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Luka Doncic helping Mavs take care of clutch-time business

Thursday's overtime win in Denver was a prime example of how Dallas' star is learning to thrive in close games.

Michael C. Wright

Michael C. Wright

Luka Doncic talks after his monster game vs. Denver on Thursday.

Pupils turn teacher quickly in the NBA.

At least that’s the impression Luka Doncic gave Thursday on the road in schooling the Denver Nuggets down the stretch of a 124-117 Dallas Mavericks overtime victory in a duel between two of the league’s brightest young stars.

See, the Mavericks finished 20th in clutch win percentage (.415) last season, and all the while, Doncic kept saying the team would eventually learn how to perform in clutch time (which is defined by the NBA as any game separated by five points or fewer in the last five minutes).

“Like I said those past two seasons: we’re gonna learn from those things,” Doncic said. “I’ve got to be a leader in those moments. I think today we did great. A lot of people hit those clutch shots.”

According to ESPN Stats and Information, Doncic either scored or assisted on 29 of Dallas’ last 38 points of Thursday’s contest, starting with 7:38 left to play on the 21-year-old’s dime to Jalen Brunson. Doncic followed up his first triple-double of the season in Monday’s win over the Houston Rockets with a season-high 38 points to go with nine rebounds, 13 assists and four steals against the Nuggets.

The performance in the altitude at Denver served as yet another step in Doncic’s rapid ascension. Doncic dominated the game in the fourth quarter and in OT by consistently making the correct plays, as opposed to just heaving up ill-advised shots in the face of double teams.

Luka Doncic nearly had a triple-double in Thursday’s win.

“It’s just continued growth,” Mavericks coach Rick Carlisle said. “He’s just getting better and better. He understands when to be aggressive, when to be more ball dominant and when the ball needs to move. As a team, we’re doing better in these situations. This is gonna be a big part of any success we’re able to have this year.

“I liked the way Luka handled the game and always, really. It was a slow start. It was not a very rhythmic game at the beginning. Both teams were struggling to score. But he just stayed with it, and found ways to make plays, get other guys involved to get the win. This is a hard place to get a win.”

Yet Doncic made it all look easy.

With Nikola Jokic reeling off 17 points in the fourth quarter alone, Doncic consistently drew double teams that turned him into a facilitator. Doncic connected on 2 of 3 from the field in the fourth quarter, but also dished five assists in the frame with two leading to Maxi Kleber 3-pointers.

Then, in overtime, Doncic led the Mavs with nine points on 3-of-4 shooting, as they outscored Denver 15-8.

“First of all, Luka’s an amazing player and he’s still young,” Kleber explained. “I think a lot of times people forget that. But he’s learning every day. He’s already a complete player, has the whole package. But obviously, the more and more you play in those types of games and those types of situations, the more you’re gonna learn because defenses are gonna adjust and change. He’s done a great job of learning day by day. You can see how he’s developed his game, gets better, and especially gets everybody else better too.”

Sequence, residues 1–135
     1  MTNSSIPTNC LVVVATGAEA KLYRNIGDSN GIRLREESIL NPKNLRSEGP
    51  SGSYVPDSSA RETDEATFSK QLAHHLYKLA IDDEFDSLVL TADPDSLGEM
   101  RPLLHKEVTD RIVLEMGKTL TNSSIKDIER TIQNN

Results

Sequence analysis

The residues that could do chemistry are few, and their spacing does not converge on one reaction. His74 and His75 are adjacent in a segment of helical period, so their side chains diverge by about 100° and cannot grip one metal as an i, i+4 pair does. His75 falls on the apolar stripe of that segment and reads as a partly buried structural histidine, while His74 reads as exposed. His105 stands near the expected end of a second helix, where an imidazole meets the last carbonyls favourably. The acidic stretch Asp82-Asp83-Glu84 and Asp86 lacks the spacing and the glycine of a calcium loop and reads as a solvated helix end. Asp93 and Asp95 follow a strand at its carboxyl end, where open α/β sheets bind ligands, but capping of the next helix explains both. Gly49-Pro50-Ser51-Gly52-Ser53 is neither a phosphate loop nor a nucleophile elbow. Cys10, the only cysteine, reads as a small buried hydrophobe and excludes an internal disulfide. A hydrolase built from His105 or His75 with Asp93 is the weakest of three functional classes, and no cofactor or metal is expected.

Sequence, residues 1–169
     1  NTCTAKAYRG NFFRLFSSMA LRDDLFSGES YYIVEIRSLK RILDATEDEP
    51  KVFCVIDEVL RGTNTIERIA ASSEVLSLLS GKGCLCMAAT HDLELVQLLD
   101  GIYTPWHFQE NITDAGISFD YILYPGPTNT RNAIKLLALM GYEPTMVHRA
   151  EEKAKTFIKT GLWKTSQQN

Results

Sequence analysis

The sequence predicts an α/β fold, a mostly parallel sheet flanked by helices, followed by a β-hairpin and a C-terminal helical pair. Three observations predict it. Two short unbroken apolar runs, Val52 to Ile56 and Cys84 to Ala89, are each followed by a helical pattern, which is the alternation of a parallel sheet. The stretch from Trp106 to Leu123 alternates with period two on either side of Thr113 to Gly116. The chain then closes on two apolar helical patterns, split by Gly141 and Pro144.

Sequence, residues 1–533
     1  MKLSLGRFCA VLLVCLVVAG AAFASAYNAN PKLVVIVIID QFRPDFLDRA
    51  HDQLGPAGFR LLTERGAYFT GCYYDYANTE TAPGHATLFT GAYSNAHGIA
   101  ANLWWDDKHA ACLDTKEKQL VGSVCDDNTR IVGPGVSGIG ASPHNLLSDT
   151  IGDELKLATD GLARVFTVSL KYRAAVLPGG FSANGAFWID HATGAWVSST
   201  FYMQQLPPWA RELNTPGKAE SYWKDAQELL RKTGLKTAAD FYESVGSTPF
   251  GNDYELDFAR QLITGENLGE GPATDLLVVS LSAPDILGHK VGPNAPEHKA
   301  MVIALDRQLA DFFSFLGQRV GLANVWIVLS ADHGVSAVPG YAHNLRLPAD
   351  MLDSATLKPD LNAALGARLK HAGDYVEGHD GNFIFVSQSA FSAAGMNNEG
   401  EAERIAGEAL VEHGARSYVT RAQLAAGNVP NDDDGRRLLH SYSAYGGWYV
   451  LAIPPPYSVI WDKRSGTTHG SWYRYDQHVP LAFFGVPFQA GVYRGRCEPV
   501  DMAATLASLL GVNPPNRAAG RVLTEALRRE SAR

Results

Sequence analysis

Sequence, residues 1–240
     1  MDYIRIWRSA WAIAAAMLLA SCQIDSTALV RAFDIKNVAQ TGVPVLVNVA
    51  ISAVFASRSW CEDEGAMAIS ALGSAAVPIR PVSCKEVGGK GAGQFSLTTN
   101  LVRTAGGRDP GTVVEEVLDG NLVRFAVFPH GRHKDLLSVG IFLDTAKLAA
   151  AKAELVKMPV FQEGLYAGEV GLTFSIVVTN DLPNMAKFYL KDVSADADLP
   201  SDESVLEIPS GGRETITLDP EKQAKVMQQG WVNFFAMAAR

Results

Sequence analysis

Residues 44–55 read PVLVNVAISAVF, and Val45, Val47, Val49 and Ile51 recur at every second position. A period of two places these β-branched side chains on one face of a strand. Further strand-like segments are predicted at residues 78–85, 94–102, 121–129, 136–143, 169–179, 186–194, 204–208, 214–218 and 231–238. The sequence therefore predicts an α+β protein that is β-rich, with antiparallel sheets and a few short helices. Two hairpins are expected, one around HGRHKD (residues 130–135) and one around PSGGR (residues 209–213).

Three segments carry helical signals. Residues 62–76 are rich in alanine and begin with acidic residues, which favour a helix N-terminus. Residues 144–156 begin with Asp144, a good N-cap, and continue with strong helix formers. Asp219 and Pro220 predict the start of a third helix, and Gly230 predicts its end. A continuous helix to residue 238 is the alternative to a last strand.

Doncic found an open Kleber with 2:56 left to play for a 26-footer that gave the Mavericks a 104-102 lead. Then, with just 3.3 seconds remaining, Doncic drew a double team and quickly found Kleber again for another 26-footer that put Dallas ahead 109-107.

Nikola Jokic and Luka Doncic each scored 38 in an OT classic.

“It was just a great basketball play. You don’t have to tell Luka Doncic that,” Carlisle said. “He’s gonna calculate situations. He’s gonna make sure the ball is in the right place at the right time. He was doing a good job of sharing the ball at the right times, but also getting the ball in the basket.”

Interestingly, Kleber had taken only one shot on Monday against the Rockets, and through the first three quarters of Thursday’s contest he was 0-for-3. Still, Doncic didn’t hesitate to find Kleber with the game on the line and defenders in his face.

Kleber’s big shot would’ve served as the game winner had Jokic not nailed a 19-foot stepback jumper on Denver’s next trip down the court to send it into OT.

“He’s a great shooter. He’s a great player,” Doncic said. “Everybody trusts him. Everybody trusts every teammate. So, I think it was a great shot. Even if he would’ve missed it, it was a great shot. I would do it [again] any day.”

That trust should come in handy as this young Dallas squad continues to learn how to close out tight games with Doncic exercising restraint and emphasizing playmaking. When the Mavericks opened the season with a loss at Phoenix, Doncic admitted “I got to stop taking these very bad shots,” before adding that “it’s not good for the team, and I’ve got to change it.”

It appears Doncic, a favorite for the Kia NBA MVP Award, is well on his way.

“Just growing as a team, we’ve been in those situations all last year,” said Dorian Finney-Smith, who tied Josh Richardson for second in Mavs scoring Thursday with 14 points.

“All last year I think we had a bunch of close games, and a lot of the games [were] decided in the last minute or two. Guys like me, Maxi, role players who have just been in those situations. Like today, Luka told us to be ready to shoot. Maxi was there, and he made a big shot. So, we know how much attention Luka gets so late in games. We’ve just got to be ready to lock and load.”

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Michael C. Wright is a senior writer for NBA.com. You can e-mail him here, find his archive here and follow him on Twitter.

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